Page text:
Those institutions that offer Project Management as a subject in its own right include in their programmes the tools and techniques of project management itself but also include some personal and professional skills. These include communication skills necessary for dealing with people and managing conflict. Project Management degree courses also include business and finance skills to ensure that graduates understand the context within which projects operate. This mix of subject areas reflects the range of skills that project managers need if they are to be successful. These programmes will prepare graduates with a broad and relevant skill set making the task a finding a job easier and finding a job in the subject area related to their first degree quite likely.

Studying Project Management at University makes a lot of sense, it can lead to a varied career in many different industries, the job prospects are very good and salary expectations and career progression opportunities are also very strong. There are a limited range of project management degree courses available. The range of courses is likely to increase with the advent of degree apprenticeships. These courses will have appeal to new entrants into project management as well as giving the accidental project managers the qualifications and knowledge they are seeking to back up their experience.

If you are considering studying Project Management, please talk to us about our courses.

FdSc Project Management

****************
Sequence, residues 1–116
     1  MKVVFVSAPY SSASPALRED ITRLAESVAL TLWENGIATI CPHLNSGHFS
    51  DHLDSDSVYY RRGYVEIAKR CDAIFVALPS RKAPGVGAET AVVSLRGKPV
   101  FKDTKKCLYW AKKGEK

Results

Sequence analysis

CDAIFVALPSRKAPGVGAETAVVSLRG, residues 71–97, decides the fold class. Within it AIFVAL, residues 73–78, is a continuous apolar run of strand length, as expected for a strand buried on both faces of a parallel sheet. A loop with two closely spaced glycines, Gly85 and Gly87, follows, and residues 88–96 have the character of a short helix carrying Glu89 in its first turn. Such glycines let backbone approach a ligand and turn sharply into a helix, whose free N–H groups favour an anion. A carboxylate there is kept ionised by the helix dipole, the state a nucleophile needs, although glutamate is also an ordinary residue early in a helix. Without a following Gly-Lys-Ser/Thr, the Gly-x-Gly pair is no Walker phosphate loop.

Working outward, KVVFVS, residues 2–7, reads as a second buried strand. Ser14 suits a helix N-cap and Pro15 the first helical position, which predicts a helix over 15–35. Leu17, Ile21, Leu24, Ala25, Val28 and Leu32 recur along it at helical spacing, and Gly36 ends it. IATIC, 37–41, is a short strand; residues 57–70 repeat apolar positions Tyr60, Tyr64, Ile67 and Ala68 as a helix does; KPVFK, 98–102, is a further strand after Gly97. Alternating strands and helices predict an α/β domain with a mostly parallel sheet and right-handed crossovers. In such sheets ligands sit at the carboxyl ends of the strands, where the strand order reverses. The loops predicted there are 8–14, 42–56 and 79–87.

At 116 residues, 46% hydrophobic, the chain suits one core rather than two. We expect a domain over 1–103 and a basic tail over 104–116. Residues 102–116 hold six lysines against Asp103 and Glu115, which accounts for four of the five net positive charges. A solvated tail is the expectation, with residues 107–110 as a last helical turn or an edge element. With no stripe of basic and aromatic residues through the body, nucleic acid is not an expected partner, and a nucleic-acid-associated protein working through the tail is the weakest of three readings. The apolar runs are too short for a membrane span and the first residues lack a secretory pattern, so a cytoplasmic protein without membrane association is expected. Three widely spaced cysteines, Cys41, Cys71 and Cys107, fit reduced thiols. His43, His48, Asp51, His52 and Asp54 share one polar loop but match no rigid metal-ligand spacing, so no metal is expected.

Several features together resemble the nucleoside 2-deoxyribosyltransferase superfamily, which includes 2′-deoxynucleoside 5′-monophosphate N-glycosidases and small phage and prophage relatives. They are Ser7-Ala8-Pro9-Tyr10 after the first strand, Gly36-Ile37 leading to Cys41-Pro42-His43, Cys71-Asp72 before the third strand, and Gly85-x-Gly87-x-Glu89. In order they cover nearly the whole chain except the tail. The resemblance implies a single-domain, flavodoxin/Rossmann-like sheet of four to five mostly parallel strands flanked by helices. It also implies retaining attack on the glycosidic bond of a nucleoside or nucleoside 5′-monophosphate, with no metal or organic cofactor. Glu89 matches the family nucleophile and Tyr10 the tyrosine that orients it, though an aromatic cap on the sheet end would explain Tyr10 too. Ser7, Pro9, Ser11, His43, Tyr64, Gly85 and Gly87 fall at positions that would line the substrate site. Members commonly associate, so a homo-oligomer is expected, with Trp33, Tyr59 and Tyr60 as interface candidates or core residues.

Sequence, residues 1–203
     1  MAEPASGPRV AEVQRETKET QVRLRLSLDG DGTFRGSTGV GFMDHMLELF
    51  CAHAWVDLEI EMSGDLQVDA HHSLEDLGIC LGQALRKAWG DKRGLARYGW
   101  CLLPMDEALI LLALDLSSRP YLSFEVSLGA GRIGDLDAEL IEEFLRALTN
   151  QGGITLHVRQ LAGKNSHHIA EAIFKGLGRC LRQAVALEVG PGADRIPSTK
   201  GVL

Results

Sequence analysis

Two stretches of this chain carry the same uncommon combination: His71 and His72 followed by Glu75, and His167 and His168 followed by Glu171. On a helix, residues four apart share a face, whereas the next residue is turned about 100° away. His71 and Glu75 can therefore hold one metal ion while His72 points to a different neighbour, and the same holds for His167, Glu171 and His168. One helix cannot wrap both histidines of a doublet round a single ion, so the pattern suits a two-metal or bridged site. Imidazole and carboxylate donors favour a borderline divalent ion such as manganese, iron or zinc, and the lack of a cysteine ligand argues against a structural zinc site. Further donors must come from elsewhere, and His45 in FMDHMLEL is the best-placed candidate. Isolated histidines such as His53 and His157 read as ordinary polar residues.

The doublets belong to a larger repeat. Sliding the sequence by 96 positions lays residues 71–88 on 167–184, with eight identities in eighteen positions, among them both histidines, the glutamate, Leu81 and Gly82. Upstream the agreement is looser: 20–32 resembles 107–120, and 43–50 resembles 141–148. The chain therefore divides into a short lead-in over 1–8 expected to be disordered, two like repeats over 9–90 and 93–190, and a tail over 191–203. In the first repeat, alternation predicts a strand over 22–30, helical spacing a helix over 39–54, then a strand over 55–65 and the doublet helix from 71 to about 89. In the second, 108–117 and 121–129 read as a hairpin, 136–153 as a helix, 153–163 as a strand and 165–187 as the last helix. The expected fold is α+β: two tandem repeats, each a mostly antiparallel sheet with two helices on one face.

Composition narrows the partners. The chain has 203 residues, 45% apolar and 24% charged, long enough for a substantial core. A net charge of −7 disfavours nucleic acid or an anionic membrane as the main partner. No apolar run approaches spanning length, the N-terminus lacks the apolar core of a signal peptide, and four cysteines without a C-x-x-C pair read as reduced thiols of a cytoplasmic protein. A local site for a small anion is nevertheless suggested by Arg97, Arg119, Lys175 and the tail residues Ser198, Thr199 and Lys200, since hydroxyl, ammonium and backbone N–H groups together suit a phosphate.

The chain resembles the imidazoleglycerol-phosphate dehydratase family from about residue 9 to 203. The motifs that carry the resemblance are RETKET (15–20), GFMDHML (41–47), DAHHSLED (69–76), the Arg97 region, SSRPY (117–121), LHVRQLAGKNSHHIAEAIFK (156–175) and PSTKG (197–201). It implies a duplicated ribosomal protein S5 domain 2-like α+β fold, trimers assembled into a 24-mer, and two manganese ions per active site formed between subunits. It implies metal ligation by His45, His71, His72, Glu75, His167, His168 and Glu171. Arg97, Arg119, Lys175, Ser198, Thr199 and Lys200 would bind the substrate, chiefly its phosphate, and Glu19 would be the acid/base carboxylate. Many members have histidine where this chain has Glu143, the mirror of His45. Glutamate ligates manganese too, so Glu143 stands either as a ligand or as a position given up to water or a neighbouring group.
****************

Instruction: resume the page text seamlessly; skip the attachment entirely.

BSc (Hons) Project Management 

BSc (Hons) Project Management (top up)

Meet the Apprentices

Who chooses to become an apprentice or to take up an apprenticeship?

At the University of Cumbria, apprentices are already enrolled on our Foundation Degree course in Project Management. We find them highly motivated learners who are quick to grasp new ideas and seek to apply them in the workplace. Many are very involved in their local communities also – running sponsored events and making key contributions to voluntary organisations. We hope that the knowledge they gain on our courses and the skills they develop will have benefits in their work and also for the wider community.

For young people considering apprenticeships (or parents seeking to support their career choices) it can be good to have a talk with apprentices to find out why they chose this pathway and whether they would recommend it to others. Two of our Project Management students, Andrew and Chelsea are heavily involved in promoting apprenticeships as part of the Sellafield apprenticeship team effort in the Brathay Apprenticeship Challenge.

Employers can meet them at the University of Cumbria ‘Apprenticeship Information Events’ this week  in Carlisle, Ambleside or Lancaster.

You can find them on Twitter at @SLBrathay17 or tweet using hashtag #BAC17

 

 

 

A visit to APM HQ

Last week, I visited Association for Project Management Headquarters at Princes Risborough. This is an address I have seen on lots of forms but never previously visited. Over the past years, I have had regular correspondence with APM concerning membership, qualifications, accredited training, arranging events for the NW branch and even contributing to developing standards for apprenticeships in Project Management. Hardly a week goes by without some contact with APM. Most of my contact has been by phone or email. Realising this is true for many APM members (Princes Risborough is not just somewhere you ‘drop in’.) I decided to take some photos on my visit so I could share the whole experience. APM staff agreed to help.

Photos above – Venetia at APM reception is really helpful – first impressions count. Stephen Miller (Education) and Anna Grabham (Volunteers co-ordinator) are in regular contact with the volunteer community.  Keo-mony Mith deals with course accreditation and Jo deals with queries about membership and qualifications.